I would like the How-to walk through.
    If you do another one, a video would also be great.
  13. Pilgrim

    Pilgrim Supporting Member

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    People get carried away with sanding and alter the contours of the body. Heat guns and stripping solutions don't do that.

    Of course you'll need to do some finish sanding, but a heat gun is much faster and less damaging - IF you use it right and don't either burn the wood or gouge the wood as you're removing the finish.
  14. paparoof

    paparoof

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  15. 96tbird

    96tbird Supporter Supporting Member

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    Cool, with these thick modern polyester "jacket o' plastic" finishes, that's how I imagined they would come off. Cool to see it.
  16. paparoof

    paparoof

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    And the only thing I don't like about my Squier CV Jazz is the white finish. Really wished it came in natural like the VM.

    Gosh, what ever shall I do?
  17. 1958Bassman

    1958Bassman

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    If you stay in one spot for too long, it will definitely burn. It can also soften the wood.

    If you think that using a heat gun will keep you from releasing toxic fumes, you're wrong. If you really want to strip it without dealing with any toxic chemicals and sanding, take it to a furniture stripper and have them do it.
  18. nervous

    nervous Supporting Member

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    My Spector was not quite that easy. The outermost clear coat would bubble and flake off like raw sugar. The heavy plastic-like coat took more heat to get loose but did peel similarly to the video. The final sealer coat had a couple of characteristics, one being a heavy, deep-color stain-like coat and the final, very stubborn clear sealer next to the wood. I am still working to get it ready for the next phase. Very messy and lots of noxious plastic smelling dust. I wish it was as easy as the Tele in the video...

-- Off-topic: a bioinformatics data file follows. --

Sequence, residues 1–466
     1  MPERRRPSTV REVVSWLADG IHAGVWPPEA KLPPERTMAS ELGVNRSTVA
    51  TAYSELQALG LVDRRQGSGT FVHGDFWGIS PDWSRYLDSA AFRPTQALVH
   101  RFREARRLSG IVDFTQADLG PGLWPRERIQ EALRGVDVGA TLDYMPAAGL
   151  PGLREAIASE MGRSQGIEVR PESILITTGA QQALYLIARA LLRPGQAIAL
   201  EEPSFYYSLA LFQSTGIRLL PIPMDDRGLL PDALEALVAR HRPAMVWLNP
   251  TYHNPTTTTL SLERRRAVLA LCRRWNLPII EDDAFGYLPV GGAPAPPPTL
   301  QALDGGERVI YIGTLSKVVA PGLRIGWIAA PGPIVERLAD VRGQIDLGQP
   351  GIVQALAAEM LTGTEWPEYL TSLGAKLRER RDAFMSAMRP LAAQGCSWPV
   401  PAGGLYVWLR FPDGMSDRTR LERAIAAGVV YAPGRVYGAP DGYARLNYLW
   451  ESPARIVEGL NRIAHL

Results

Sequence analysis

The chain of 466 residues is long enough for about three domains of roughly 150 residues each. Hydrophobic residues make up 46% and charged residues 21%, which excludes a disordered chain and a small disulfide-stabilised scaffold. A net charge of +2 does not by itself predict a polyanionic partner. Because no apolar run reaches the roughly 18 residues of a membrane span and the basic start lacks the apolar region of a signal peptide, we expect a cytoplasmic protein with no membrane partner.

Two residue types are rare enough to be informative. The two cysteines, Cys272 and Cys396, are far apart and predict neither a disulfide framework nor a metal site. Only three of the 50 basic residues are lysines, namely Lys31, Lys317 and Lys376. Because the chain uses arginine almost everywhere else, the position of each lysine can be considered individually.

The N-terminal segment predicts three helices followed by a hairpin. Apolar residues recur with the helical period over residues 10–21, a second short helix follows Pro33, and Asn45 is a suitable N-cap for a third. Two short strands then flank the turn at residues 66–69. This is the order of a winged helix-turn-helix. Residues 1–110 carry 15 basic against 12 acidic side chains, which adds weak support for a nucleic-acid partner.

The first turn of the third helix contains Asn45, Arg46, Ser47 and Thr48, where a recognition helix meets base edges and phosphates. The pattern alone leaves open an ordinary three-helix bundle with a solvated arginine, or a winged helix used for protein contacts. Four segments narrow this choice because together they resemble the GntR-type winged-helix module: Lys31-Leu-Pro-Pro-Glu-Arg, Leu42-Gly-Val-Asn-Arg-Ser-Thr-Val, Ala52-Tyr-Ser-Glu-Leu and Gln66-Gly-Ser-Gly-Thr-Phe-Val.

[​IMG]

    [​IMG]

    [​IMG]

    [​IMG]

    [​IMG]

    A little before:

    [​IMG]

    And after (with a lot of the base clear sealer yet to be removed):

    [​IMG]

    [​IMG]
  19. paparoof

    paparoof

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    Oy. That looks like a project and a half. Something tells me my Squier doesn't have quite as many layers....

    One thing I read after this thread was about heat guns loosening the glue on a neck-thru and the whole thing falling apart. :eek: I didn't bring it up since the OP was talking about a P, but there it is in color on that Spector. Was there no hint of separation from the heat?
  20. nervous

    nervous Supporting Member

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    Yup, there was a little which I intend to fill and clamp. I don't believe it's anything that would cause any structural concern but there's a pretty significant amount of heat needed to get this material moving. But, sanding would take forever with material this hard and thick.

    You see a little scorching evident here:

    [​IMG]

    This is not yet down to the base wood. What you are seeing here is the remaining thick layer of clear base sealer that is a bear to remove. Those cracks are just in the filler coat and not a separation of the joint as far as I can tell. Once completely sanded off this should refill and seal just fine.

    [​IMG]